# Multivariable Calculus Texts (Theoretical + Computational/Intuitive/Geometric Texts)

I'm looking for suggestions for textbooks covering multivariable calculus. I am looking for two textbooks, one which covers the theory and the other which covers the computational aspects. I have already taken a (not so taught well) first course in multivariable calculus, but I'd ideally like to to keep a computational/intuitive text with me.

I have covered a first course analysis with a focus on point set topology. After revising a bit of the theory of integration and covering Lebesgue integrals which I haven't done thus far, I'd like to move on to cover the aforementioned texts.

My aim is the following: over the semester, I'll be enrolled in a course in advanced calculus. From what I gather, the course will cover manifolds etc. but it'll cover them from a very not so rigorous/differential geometric point of view. With that course and a course in GR, I'd like to get introduced to the rudiments of manifolds etc. With my out-of-class work on multivariable calculus, I hope to build up on the material of the courses in a few month's time -- before the term ends -- and use the material covered on both these fronts to start off with basic differential geometry. By then, I hope to have covered some algebra, topology etc. on my own as well.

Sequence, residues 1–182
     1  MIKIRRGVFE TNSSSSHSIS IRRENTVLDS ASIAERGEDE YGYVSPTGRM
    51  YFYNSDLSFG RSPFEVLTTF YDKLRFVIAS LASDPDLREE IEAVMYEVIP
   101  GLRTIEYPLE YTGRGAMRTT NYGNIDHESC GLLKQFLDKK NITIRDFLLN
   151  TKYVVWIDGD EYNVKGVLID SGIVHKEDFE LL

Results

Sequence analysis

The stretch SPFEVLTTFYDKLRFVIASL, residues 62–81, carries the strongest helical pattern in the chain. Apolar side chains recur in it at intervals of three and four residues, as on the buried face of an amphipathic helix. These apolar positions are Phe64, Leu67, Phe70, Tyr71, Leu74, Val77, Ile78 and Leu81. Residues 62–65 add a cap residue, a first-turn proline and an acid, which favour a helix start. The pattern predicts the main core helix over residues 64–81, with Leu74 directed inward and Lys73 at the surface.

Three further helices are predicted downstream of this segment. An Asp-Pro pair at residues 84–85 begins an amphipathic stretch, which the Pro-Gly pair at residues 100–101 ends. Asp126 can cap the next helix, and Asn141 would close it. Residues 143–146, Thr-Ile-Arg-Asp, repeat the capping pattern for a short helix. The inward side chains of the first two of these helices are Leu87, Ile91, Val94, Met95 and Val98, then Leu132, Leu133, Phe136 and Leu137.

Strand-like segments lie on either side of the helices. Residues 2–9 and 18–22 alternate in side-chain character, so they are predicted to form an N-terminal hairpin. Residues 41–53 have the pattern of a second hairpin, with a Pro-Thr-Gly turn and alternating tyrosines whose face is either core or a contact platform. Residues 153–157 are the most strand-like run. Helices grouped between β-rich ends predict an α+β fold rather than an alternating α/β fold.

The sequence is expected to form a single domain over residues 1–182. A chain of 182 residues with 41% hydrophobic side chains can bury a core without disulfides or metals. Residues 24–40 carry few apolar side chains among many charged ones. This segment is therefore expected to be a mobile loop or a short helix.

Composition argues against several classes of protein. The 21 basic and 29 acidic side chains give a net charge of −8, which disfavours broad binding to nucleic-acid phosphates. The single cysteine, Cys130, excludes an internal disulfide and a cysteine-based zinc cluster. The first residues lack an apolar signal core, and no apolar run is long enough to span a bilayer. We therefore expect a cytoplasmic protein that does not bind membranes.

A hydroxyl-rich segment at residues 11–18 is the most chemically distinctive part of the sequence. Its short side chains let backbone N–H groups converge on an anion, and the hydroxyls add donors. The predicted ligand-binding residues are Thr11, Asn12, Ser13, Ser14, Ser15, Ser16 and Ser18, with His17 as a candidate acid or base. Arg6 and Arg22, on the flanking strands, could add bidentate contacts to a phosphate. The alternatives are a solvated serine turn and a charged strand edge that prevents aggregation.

With my motivation in mind, it'd be great if you could recommend some texts.

Disclaimer: My path through multi was atypical, and somewhat incomplete. I had an intro at the end of my calc class last year, using a mix of Stewart and Spivak. Then in analysis last quarter, we spent a good bit of time on differentiation, but for integration, we just defined it in 5 minutes and jumped to change of variables, curves, and surfaces. This quarter, we did some differential forms in the plane and line integrals, but we've since moved on.

With that caveat out of the way, my short answer is Buck for computation, and either Pugh or something from NSS lineage. If possible, it may be a good idea to check out a dedicated book on forms, such as Do Carmo.

So, my analysis professor last quarter lectured out of 8.1-8.5 of Buck's Advanced Calculus, covering change of variables, curves and surfaces. We were also given a review assignment from chapter 7 (differentiation) the week before. From what I saw, it has good pictures, sticks to $\mathbb{R}^2$ and $\mathbb{R}^3$, and has mostly computational problems, while still proving its theorems. I was not terribly fond of its lack of generality and odd notation, but for a computational book it may be a reasonably good candidate. In previous years I've heard that we used Edward's Advanced Calculus of Several Variables, which apparently combines well integration and computation. I've heard mixed things about it.